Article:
zha_dppseoul_vsb_11_040116032216.jpg Hadid's trademark slopes and curves imitate the natural world.

Although your buildings are some of the most future-positive buildings out there, it seems to me that there is a huge influence of classical Islamic architecture on your designs - the fluidity of movement between inside/outside spaces, the play of light and weather on simplified, repeating paters for example. Is this a conscious thing? 

Although there are no direct formal references to my cultural roots in my work, it is this mathematics of the Arab world that I am fascinated by - the mix of logic and abstract. I became interested in geometry while studying mathematics at university in Beirut. I realised there was a connection with the logic of maths to architecture and the abstraction of Arabic Calligraphy.

Geometry and mathematics have a tremendous connection to architecture - even more so now with the advanced computer scripts used in many of our designs. This relates a great deal to my Arab identity in terms of algebra, geometry mathematics and calligraphy. The fluidity and calligraphy you see in my architecture is an evolution of this research. 

My ambition has always been to create fluid spatial flow. We work with fluid forms and volumes as they visually simplify everything, and you can then cope with more complexity in a building without the design appearing cluttered. I am often asked "why are there no straight lines in your work?" This is because the world is not a rectangle. Natural landscapes are not even and regular - yet people find them very beautiful and relaxing. I think that one can do that in architecture.   

zha_dppseoul_vsb_08_040116032232.jpg Influence of calligraphy evident.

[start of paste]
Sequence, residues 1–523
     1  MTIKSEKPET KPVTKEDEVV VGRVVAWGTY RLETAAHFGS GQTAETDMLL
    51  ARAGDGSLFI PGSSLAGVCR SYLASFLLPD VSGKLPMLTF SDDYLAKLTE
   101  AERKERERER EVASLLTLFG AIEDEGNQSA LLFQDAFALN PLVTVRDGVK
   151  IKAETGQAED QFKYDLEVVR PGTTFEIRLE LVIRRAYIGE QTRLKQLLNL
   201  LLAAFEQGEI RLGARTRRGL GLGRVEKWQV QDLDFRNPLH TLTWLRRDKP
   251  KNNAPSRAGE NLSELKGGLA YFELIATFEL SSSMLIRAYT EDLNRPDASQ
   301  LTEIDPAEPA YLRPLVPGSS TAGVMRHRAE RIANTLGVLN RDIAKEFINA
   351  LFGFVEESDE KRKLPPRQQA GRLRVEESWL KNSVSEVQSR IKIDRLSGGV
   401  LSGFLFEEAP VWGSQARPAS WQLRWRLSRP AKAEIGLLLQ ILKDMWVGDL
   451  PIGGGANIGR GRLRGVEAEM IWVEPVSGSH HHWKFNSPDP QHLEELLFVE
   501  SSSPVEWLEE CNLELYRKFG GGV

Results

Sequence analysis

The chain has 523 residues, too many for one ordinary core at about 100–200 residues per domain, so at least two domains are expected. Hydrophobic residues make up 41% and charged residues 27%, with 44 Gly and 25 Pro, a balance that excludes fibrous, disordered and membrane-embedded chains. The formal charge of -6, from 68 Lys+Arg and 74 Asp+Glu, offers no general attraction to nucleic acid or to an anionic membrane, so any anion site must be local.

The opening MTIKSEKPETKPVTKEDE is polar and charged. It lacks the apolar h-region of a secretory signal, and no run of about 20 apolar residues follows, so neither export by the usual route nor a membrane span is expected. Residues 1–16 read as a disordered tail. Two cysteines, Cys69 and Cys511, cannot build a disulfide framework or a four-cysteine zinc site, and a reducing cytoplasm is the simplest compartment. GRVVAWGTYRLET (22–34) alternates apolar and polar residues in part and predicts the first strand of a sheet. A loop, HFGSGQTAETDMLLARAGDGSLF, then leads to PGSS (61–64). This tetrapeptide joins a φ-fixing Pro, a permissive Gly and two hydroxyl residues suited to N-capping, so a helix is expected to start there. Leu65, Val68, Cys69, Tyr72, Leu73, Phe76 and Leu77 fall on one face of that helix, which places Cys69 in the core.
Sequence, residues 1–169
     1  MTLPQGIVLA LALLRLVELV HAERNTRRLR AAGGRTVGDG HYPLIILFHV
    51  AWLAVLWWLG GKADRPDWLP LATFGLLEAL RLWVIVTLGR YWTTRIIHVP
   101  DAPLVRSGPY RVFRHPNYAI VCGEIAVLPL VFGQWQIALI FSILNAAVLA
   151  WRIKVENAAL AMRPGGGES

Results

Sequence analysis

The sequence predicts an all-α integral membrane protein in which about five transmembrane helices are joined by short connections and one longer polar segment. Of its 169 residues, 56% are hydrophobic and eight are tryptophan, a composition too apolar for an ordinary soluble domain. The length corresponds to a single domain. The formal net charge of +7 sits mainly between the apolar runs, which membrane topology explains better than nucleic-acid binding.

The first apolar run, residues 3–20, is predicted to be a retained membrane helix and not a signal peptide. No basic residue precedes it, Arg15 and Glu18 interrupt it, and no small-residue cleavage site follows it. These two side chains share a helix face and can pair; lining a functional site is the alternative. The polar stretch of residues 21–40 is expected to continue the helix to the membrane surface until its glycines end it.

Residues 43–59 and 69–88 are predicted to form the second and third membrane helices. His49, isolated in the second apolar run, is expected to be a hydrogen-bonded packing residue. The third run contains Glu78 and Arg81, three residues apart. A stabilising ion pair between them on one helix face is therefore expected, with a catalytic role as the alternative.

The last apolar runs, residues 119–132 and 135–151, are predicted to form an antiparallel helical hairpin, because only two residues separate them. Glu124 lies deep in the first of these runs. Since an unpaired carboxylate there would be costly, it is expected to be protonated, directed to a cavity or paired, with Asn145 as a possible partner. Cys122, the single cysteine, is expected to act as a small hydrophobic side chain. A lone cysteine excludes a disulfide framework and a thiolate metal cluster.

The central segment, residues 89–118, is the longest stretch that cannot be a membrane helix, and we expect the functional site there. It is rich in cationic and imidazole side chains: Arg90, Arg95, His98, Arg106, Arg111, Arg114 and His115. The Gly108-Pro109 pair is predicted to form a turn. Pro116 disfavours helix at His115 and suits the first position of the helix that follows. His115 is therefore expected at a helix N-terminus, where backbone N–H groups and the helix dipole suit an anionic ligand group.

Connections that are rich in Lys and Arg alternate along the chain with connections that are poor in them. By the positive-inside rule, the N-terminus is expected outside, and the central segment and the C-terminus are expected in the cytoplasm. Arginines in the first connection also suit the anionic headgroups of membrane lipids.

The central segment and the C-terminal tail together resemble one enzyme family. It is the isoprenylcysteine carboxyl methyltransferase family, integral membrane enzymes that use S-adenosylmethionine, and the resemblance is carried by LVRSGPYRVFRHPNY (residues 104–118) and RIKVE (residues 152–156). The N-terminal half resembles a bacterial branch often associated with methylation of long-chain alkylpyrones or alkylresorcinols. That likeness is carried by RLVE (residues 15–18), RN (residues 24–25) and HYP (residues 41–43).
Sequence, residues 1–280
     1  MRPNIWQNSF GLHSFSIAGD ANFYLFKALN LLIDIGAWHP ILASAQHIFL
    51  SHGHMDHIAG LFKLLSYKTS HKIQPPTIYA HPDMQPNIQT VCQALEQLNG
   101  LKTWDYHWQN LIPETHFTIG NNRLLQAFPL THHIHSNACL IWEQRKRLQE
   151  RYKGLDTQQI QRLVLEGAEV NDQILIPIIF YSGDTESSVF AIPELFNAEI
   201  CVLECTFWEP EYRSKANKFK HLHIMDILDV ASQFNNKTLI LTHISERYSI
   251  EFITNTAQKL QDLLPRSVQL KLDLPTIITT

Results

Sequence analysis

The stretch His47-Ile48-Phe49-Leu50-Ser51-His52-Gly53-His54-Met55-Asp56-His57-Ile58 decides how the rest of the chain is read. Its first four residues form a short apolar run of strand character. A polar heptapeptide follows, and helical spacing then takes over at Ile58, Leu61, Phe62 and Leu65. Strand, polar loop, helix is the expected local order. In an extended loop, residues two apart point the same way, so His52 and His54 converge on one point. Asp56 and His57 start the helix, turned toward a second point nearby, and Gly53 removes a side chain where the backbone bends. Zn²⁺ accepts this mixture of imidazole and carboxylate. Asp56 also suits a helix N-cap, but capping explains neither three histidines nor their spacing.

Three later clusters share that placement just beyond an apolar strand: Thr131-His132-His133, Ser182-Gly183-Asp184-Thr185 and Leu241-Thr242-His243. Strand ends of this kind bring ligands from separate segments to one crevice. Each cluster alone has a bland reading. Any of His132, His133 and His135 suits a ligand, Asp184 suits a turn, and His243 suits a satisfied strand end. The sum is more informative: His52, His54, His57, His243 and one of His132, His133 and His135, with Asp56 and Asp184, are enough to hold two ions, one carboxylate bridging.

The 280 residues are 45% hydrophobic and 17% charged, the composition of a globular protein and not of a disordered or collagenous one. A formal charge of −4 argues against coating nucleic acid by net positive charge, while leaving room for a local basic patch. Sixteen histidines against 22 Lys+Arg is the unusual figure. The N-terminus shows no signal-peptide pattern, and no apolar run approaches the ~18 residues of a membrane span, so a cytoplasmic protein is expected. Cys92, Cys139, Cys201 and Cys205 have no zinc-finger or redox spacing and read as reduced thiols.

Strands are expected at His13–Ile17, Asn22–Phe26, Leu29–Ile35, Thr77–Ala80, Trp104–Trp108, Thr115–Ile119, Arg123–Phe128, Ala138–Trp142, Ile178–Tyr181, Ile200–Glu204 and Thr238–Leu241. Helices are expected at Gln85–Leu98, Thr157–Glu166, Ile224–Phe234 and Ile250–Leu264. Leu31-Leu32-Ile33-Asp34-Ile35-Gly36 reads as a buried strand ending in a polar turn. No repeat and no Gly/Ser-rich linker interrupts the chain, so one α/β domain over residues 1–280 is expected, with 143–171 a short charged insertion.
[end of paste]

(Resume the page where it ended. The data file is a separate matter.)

Would you like to have a town planning commission? Do you think that women would build different cities to men? 

We have completed several urban masterplans in Singapore, Bilbao and Istanbul. For me, perhaps not a whole city, but I would love to build a whole city quarter;  to use all I have learned about creating public spaces - indoor and outdoor areas - on a larger scale. As we've done in our individual buildings, where elements fit together to form a fluid continuum, we can now apply these concepts to whole cities to create develop a whole field of buildings; each one different, but connected to the next.  I don't know the ego of a man, or how their mentality works, but there is no difference at all between men and women in their capability, not formally in terms of the buildings at least.

There might be differences in women's confidence - but I know we can design just as well if we have the chance. It was frequently assumed that a woman architect could not take on a big commercial project - and I do recognize a bias that pushes women towards designing interiors. It is thought they understand interior shapes - and I am sure they do understand them better than men actually - but people wrongly assume women prefer to deal with a single client, rather than with corporations and developers.  I am sure that as a woman, I can design very good urban projects like train stations, museums or skyscrapers. I don't think it is only for men.  

zha-lacombe_01_040116032259.jpg Zaha Hadid.

What do you think of the rise of the showboating buildings commissioned by real estate developers to sell "luxury living" for a premium?

Each of our projects is the very specific result of how the context, local culture, programmatic requirements, and innovative engineering come together - allowing the architecture, city and landscape to seamlessly combine, both in terms of formal strategy and spatial experience. Every design creates new public spaces where concepts of seamless spatial flow are made real - to create a whole new kind of civic space for the city. 

With every civic, cultural, educational or residential project, there is always an underlying logic within each design which we then push to the highest standards of quality and craftsmanship. If the completed design is then considered by people as a "showboat" building, this is an expression of essence and quality of the project itself - and not because the design represents something else.

We are never shy to develop any of our projects to such a high standard that they become well known, but that is not our aim, it is something which evolves through the design and construction process - and a reflection of the project's design and build quality.

Writer

Jessica Hines Jessica Hines @londonishstyle

She is a writer, connector and traveller.